UTAH: Scott B. Hayashi consecrated 11th bishop[Episcopal News Service] The Nov. 7 formal seating of the Rt. Rev. Scott Byron Hayashi Episcopal Diocese of Utah's St. Mark's Cathedral in Salt Lake City concluded a weekend of joyous festivities that reflected the diocese's rich diversity and drew guests from around the world.
A day earlier, Hayashi, 56, was ordained and consecrated as the diocese's 11th bishop in a multilingual Ute, Spanish and English service before about 700 local, national and international, ecumenical, interfaith and other guests.
Northern Ute and Shoshone Native Americans blessed the gathering with sage and sweet grass incense, and offered a blessing of the four sacred directions. Local Sudanese and Latino Episcopalians also offered prayers and music at the service, held at the Grand America Hotel in Salt Lake City. An 80-voice diocesan choir was accompanied by organ, brass and drum musical offerings.
Presiding Bishop Katharine Jefferts Schori was chief consecrator at the Nov. 6 service, which was webcast live.
Co-consecrating bishops included retiring Bishop Carolyn Tanner Irish of Utah; Barry Beisner of Northern California; Allan Bjornberg, of the Rocky Mountain Synod of the Evangelical Lutheran Church in America; Mary Glasspool, suffragan of Los Angeles; and Victor Scantlebury, assisting in Chicago. Altogether there were 23 bishops present, according to Craig Wirth, diocesan communications director.
International guests included the Rt. Rev. David Than Lwin, bishop of Myitkiyna in the Anglican Church of Myanmar, and the Most Rev. Carlos Touché-Porter, presiding bishop of La Iglesia Anglicana de México and bishop of Mexico, both of whom enjoy companion relationships with the Utah diocese.
Representatives of the Methodist and Roman Catholic, Mormon, and Buddhist traditions were also in attendance.
"You've elected a bishop whose sense of humor will delight you. You will discover that this playfulness enfolds a heart of very serious purpose," Bishop Jeffrey Lee of Chicago said in his sermon, according to a report by the Salt Lake Tribune.
"His sheer competence will amaze you and an apparently endless supply of energy will dazzle you," said Lee. "He will pray with you at the drop of the hat."
During the ceremony, Irish passed the diocese's historic crozier to Hayashi, symbolizing the transfer of jurisdiction.
The next day, Hayashi used that crozier to knock on the door of St. Mark's Cathedral at the start of the regular 10:30 a.m. service, during which he was formally seated in the bishop's chair.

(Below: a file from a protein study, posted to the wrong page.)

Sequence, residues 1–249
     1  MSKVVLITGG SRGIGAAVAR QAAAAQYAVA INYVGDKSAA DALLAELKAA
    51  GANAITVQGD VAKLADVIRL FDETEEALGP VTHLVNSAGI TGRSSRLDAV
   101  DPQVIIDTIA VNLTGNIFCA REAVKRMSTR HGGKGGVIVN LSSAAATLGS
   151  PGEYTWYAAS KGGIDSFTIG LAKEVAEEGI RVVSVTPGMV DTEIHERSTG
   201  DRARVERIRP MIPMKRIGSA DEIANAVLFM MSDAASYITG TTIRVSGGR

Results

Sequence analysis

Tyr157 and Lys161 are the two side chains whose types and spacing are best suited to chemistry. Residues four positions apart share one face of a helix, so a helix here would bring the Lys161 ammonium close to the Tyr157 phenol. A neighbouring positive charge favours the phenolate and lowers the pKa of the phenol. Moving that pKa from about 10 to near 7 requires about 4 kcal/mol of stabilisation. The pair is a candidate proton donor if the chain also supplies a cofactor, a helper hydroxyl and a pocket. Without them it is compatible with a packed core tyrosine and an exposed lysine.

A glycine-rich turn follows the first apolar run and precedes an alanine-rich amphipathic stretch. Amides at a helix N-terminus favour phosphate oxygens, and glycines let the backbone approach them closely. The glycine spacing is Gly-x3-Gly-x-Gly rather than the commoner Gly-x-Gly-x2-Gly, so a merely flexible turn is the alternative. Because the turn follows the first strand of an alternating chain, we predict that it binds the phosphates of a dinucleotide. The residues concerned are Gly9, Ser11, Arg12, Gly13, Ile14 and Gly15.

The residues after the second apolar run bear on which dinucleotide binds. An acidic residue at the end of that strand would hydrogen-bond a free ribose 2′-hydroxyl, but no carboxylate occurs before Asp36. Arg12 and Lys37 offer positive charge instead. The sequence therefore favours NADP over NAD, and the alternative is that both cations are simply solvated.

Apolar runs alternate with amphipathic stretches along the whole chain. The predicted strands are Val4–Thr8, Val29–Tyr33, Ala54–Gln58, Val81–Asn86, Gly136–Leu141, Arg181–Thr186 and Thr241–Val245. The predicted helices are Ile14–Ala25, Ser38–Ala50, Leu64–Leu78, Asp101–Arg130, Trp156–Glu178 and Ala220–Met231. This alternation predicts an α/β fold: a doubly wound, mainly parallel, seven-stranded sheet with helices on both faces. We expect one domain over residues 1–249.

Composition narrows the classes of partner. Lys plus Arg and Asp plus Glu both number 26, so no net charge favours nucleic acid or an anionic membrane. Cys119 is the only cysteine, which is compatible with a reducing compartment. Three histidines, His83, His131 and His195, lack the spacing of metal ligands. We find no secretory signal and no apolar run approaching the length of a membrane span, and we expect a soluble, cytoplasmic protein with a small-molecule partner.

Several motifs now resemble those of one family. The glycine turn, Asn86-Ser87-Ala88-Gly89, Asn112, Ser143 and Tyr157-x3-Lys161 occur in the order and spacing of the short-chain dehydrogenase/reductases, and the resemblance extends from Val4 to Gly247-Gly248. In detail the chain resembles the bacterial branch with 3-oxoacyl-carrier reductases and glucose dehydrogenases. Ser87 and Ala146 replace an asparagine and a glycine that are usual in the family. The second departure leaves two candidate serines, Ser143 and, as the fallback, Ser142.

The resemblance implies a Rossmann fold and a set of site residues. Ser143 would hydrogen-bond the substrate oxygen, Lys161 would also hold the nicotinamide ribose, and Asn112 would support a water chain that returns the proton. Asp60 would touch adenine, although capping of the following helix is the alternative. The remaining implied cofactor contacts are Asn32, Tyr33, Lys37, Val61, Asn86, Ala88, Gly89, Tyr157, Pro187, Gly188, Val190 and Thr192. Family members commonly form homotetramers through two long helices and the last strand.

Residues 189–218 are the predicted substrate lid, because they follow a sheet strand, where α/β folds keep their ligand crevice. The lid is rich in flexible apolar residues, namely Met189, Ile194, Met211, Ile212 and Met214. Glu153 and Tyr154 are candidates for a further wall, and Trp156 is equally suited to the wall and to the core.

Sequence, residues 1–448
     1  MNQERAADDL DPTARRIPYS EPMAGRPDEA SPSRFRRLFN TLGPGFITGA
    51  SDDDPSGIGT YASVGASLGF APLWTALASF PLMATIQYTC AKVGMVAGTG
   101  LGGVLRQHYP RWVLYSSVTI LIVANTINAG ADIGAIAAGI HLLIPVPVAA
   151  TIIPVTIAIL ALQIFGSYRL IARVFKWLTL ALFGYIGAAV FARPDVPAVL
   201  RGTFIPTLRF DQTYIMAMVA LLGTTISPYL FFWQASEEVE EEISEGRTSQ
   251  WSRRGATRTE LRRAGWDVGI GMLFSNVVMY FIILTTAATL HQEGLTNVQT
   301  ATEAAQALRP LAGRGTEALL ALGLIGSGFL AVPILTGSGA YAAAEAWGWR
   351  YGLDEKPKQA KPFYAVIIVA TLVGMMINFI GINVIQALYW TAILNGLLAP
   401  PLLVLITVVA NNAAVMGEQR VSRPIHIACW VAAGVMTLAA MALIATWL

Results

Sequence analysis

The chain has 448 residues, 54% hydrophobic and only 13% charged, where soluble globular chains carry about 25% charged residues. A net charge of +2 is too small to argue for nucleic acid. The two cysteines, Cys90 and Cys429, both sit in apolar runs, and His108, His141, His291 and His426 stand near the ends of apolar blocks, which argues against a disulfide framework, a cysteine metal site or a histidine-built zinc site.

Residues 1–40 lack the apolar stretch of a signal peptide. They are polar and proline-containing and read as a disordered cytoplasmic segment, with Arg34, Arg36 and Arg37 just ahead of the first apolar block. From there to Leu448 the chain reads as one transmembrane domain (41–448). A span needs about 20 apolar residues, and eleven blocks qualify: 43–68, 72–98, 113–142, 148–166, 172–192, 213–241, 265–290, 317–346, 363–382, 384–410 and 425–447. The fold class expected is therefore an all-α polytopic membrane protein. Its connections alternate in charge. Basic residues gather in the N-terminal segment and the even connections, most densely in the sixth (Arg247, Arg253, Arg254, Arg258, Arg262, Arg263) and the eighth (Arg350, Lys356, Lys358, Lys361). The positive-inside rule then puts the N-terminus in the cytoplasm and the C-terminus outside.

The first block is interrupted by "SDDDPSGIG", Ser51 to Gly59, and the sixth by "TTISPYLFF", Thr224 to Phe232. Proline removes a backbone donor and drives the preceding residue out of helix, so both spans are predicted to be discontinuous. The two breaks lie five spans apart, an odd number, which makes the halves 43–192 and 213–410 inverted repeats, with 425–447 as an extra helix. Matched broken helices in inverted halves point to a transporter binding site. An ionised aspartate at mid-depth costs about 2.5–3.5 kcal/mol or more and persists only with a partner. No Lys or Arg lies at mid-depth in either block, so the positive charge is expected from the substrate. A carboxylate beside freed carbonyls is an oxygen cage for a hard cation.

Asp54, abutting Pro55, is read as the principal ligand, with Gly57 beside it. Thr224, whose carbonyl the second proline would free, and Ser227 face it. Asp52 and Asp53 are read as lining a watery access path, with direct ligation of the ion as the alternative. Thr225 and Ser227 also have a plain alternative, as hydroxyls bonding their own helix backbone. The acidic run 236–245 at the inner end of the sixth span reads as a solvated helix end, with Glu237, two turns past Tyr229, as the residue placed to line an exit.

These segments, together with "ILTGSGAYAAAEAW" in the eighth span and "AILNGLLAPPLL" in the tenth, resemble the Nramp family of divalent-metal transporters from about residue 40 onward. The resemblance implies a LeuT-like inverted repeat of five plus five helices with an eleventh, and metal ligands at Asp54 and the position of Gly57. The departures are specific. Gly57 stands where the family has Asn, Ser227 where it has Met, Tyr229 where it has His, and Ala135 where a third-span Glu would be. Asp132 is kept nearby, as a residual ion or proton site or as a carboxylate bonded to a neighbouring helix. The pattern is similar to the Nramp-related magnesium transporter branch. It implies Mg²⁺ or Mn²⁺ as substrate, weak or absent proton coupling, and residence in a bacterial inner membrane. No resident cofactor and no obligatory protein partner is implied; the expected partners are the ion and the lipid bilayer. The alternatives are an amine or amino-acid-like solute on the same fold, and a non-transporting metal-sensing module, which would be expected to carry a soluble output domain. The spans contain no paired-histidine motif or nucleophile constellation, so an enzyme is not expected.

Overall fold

Hayashi was elected May 22 on the second ballot out of a field of three nominees and succeeds Irish, 70, who was elected in 1996 and a year ago announced her decision to retire.
He had served as canon to the ordinary in the Chicago diocese since 2005, but is no stranger to Utah, where he was called in 1989 to be rector of the Episcopal Church of the Good Shepherd in Ogden, an inner-city parish where he served until 1998.
During nearly 25 years of ordained ministry Hayashi has served inner-city, suburban and rural congregations in California, Utah and Washington.
After his 1984 ordination to the diaconate in June and priesthood in October, he served for five years as vicar to two small rural mission congregations -- St. John the Baptist Episcopal Mission in Ephrata and St. Dunstan's Episcopal Mission in Grand Coulee -- in the Diocese of Spokane in Washington state.
He was born Dec. 8, 1953, in Tacoma, Washington, and received a bachelor of social work degree from the University of Washington in Seattle. He holds a master of divinity degree from Harvard University's Divinity School and a certificate of theology from Church Divinity School of the Pacific in Berkeley, California.
A General Convention deputy, he has served at local, diocesan and national church levels, as well as on local boards of agencies.
He has also served nationally as a member of the Episcopal Church's Board for Transitions Ministry, and as a conference leader and team leader for CREDO, a Church Pension Fund clergy wellness resource, for 10 years.
During the search process, he described the Episcopal Church as "a people who live in the grace of God."
Hayashi and Amy Perlman O'Donnell have been married 29 years. They have three adult daughters.
The Diocese of Utah includes 25 congregations and about 5,000 Episcopalians. It covers Page, Arizona, and most of Utah, except for part of southeastern Utah that is included in the Diocese of Navajoland.